Crash dummy policies

Juan wrote a great article today with some really appalling numbers. 817 cars produced in February. January wasn’t great either. The first two months Venezuela produced 1,539 cars. But let’s not weep too much: for much of the last decade and a half, Chávez’s radical-castrocommunist policies created a kind of heaven for these transnationals.

CADIVI was the apogee of rent sucking technology ever devised by human kind. And we loved it while it lasted. From airlines to raspacupos, there hasn’t been a golden era like Chávez’s era for the ta’ barato dame dos set. The key technical improvement to our rentist mechanism is the incorporation of corporations, particularly foreign, into it with a direct, streamlined hose.

Let’s see how those poor car companies have done.

it seems like the car companies flipped Venezuela in 2007
it seems like the car companies flipped Venezuela in 2007

 

That’s the data available at CAVENEZ at the publication date.

To complement this data I have a couple more appalling numbers. Do you know who was the number 1 beneficiary from CADIVI between 2004 – 2012? Let me tell you. General Motors. General Motors received $5,910,439,377. Toyota was number 4 and Ford was number 5. Let me show you how car companies divided the cake:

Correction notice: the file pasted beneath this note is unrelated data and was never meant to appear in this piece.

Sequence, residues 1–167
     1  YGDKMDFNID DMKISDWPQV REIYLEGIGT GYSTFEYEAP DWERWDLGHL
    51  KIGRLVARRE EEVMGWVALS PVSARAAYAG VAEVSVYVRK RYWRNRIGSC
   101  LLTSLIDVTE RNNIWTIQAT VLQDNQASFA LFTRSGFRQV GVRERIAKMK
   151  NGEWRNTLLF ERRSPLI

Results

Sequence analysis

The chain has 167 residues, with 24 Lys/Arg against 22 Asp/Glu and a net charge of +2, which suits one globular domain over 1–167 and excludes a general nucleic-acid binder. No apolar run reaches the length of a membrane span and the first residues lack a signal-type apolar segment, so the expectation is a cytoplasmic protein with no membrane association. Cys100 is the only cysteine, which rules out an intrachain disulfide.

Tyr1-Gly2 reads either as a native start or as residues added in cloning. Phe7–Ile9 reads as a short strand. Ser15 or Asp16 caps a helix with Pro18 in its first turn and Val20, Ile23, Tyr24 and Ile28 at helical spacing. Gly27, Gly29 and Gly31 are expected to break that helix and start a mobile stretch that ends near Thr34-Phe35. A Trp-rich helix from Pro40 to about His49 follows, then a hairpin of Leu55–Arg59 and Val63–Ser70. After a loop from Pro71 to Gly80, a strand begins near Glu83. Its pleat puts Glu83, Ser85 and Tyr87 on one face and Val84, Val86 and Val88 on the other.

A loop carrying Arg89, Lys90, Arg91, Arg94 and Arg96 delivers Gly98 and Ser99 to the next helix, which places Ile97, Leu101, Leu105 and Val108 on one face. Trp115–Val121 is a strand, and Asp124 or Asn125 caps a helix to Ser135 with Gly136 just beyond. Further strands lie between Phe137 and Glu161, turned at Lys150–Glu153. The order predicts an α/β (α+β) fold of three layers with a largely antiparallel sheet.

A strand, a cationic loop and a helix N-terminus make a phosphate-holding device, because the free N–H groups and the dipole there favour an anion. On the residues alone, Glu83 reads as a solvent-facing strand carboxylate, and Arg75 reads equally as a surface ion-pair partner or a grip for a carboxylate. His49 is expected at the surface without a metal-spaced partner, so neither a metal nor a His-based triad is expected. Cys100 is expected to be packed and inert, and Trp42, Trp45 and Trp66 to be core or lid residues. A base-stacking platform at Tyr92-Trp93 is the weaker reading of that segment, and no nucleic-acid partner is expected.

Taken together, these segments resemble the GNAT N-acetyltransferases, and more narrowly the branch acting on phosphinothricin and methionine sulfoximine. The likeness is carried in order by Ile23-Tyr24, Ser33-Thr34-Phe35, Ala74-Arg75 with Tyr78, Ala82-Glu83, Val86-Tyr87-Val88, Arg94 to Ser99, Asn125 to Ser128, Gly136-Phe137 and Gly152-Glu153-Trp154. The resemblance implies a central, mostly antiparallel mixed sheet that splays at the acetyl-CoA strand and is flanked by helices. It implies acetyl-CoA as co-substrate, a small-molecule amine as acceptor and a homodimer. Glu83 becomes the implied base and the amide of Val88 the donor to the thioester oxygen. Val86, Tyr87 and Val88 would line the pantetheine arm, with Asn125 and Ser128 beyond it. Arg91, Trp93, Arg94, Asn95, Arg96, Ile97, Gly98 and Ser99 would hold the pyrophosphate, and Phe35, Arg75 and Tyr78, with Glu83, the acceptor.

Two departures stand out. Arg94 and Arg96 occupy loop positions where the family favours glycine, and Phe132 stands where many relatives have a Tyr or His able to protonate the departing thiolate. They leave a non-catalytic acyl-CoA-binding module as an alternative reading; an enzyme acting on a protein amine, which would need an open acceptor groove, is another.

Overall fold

car_pie

In fact, the companies that make up CAVENEZ add up to $$16,360,039,765 which is roughly 9.2% of the total amount of cash dispensed by CADIVI. The total number of vehicles sold in that period by those same companies is 1,411,729. If you divide by the total amount of money you get an average per vehicle cost of $11,589. Of course, sold at a market prices, these car companies wrecked the cash in. But how much of the actual cake is this?

car_pie2

I don’t buy it that car companies didn’t know this was coming. They did their cost-benefit analysis I the numbers looked leafy green.

Yes, they played by the rules. I know that, you know that. Those who created the rules are to blame for this. Not the car companies. Not you, not me.

One thing is clear. Car companies are not the victims here, they surely benefited.

All of us, living in Venezuela, saw our oil revenue subsidizing foreign car companies instead of supporting schools, hospitals and roads. We are the victims here.

 

 

Caracas Chronicles is 100% reader-supported. Support independent Venezuelan journalism by making a donation.